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U.S. permanent residency: grounds for inadmissibility

On Behalf of Palacios Law Group

Whether you are crossing the U.S. port of entry or applying for a new visa status, it is common for the country to review your eligibility. No matter how prepared you are with your documents and interview answers, immigration may flag you as inadmissible if you fall under the barring circumstances under its laws. Generally, these circumstances are those that pose a threat to the country’s national security, public health or safety.

Common grounds

The U.S. Immigration and Nationality Act lays down several circumstances that bar one from entering the country. These grounds are divided into the following classes:

  • Health concerns and diseases
  • Criminal history and records
  • National security threats
  • Public charge or someone likely to depend on the government’s aid
  • Absence of labor certification
  • Fraud or misrepresentation
  • Removal history and unlawful entry

These are the common grounds for permanent residency inadmissibility. The country may deny entry for reasons not mentioned which may cause harm to the nation’s security, health and safety.

What happens if one is found inadmissible?

Depending on the applicant’s current status, the appropriate U.S. agencies will enforce certain measures when dealing with inadmissible individuals. If the person is:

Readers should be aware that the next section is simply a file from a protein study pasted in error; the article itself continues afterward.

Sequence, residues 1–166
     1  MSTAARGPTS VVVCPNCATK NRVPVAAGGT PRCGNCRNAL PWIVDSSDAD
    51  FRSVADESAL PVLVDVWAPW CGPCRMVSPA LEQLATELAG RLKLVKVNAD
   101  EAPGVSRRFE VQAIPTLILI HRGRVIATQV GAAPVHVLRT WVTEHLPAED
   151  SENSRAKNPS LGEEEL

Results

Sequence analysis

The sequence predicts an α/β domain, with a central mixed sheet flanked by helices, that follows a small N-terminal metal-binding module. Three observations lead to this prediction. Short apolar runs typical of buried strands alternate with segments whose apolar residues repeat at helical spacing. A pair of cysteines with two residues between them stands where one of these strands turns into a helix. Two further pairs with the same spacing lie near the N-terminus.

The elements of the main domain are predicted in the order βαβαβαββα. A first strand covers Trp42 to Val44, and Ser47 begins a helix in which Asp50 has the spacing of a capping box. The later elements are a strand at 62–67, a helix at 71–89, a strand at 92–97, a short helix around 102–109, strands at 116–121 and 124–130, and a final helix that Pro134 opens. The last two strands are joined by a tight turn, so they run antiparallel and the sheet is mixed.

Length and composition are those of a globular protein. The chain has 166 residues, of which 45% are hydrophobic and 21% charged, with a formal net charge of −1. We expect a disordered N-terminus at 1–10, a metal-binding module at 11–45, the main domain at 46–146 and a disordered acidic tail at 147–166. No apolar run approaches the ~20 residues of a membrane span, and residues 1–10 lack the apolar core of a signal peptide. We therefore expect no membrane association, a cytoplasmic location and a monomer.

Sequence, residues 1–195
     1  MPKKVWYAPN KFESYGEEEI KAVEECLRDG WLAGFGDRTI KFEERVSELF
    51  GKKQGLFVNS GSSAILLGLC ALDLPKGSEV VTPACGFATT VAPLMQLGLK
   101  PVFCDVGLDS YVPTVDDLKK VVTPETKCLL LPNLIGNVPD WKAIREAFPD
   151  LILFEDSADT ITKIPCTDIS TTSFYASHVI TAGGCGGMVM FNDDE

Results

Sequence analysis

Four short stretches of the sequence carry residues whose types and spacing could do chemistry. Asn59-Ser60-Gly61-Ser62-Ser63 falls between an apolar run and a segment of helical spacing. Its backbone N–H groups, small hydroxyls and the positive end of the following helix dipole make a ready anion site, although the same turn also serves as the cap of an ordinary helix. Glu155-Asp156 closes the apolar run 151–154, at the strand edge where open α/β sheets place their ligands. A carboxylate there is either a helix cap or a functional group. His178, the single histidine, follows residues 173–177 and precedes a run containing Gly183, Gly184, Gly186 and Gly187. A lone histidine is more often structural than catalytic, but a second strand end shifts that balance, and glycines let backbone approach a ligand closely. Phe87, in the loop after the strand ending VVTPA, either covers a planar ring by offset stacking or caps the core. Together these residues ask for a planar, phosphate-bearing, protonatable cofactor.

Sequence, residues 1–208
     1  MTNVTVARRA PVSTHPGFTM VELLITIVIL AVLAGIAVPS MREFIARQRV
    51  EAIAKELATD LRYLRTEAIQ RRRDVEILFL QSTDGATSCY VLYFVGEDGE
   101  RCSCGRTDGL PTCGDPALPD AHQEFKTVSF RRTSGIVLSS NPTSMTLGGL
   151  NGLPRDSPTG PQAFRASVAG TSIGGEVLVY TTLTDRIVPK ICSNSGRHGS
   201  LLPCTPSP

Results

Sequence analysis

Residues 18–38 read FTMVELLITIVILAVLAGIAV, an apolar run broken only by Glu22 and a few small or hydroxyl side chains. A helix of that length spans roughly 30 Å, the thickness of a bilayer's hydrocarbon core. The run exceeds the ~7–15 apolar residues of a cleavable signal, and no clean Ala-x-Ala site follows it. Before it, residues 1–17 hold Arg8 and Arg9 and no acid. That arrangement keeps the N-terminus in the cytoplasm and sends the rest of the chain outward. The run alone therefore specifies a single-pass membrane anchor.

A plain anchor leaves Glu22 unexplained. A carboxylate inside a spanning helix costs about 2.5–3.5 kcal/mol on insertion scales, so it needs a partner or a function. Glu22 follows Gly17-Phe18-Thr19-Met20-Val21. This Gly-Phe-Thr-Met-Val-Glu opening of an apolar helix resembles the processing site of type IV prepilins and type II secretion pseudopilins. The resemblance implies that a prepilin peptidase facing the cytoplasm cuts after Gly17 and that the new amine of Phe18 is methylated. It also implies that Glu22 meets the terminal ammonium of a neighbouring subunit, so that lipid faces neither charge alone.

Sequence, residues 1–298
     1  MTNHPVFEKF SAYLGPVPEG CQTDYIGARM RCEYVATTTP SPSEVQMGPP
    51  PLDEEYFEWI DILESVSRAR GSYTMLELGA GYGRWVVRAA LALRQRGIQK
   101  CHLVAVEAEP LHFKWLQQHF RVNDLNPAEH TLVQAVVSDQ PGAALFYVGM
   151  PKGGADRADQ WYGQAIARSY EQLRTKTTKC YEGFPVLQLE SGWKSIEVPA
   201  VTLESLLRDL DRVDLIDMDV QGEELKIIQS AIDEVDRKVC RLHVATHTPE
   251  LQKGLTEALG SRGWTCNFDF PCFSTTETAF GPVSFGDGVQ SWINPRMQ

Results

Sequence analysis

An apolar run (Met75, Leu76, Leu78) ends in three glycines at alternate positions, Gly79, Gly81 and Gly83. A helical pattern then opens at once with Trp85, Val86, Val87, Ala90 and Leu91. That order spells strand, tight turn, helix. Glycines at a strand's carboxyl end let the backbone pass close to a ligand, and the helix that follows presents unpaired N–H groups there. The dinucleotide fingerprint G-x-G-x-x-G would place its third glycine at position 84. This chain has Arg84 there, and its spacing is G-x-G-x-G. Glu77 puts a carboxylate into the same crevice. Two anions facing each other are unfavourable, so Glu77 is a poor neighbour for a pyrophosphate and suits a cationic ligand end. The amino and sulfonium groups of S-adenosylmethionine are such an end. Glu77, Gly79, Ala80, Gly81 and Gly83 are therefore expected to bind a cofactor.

• Crossing the border: Customs and Border Protection (CBP) will deny entry to inadmissible individuals. Depending on the circumstances, CBP may send the individual back home or initiate removal proceedings at an immigration court.
  • Applying for a visa: United States Citizenship and Immigration Services (USCIS) can also block one’s application if falling under one of the common grounds mentioned. They can also deny the visa change application of those lawfully staying in the country.
  • Illegally present in the country: If the inadmissible individual is already in the country, they may face deportation.

However, one may submit a waiver application which may allow them to enter the country if they meet the requirements. It can be a complex process and does not guarantee entry, but it is a promising option. One can seek assistance from a legal immigration professional to ensure that one meets the requirements for a waiver and prevent any issues.

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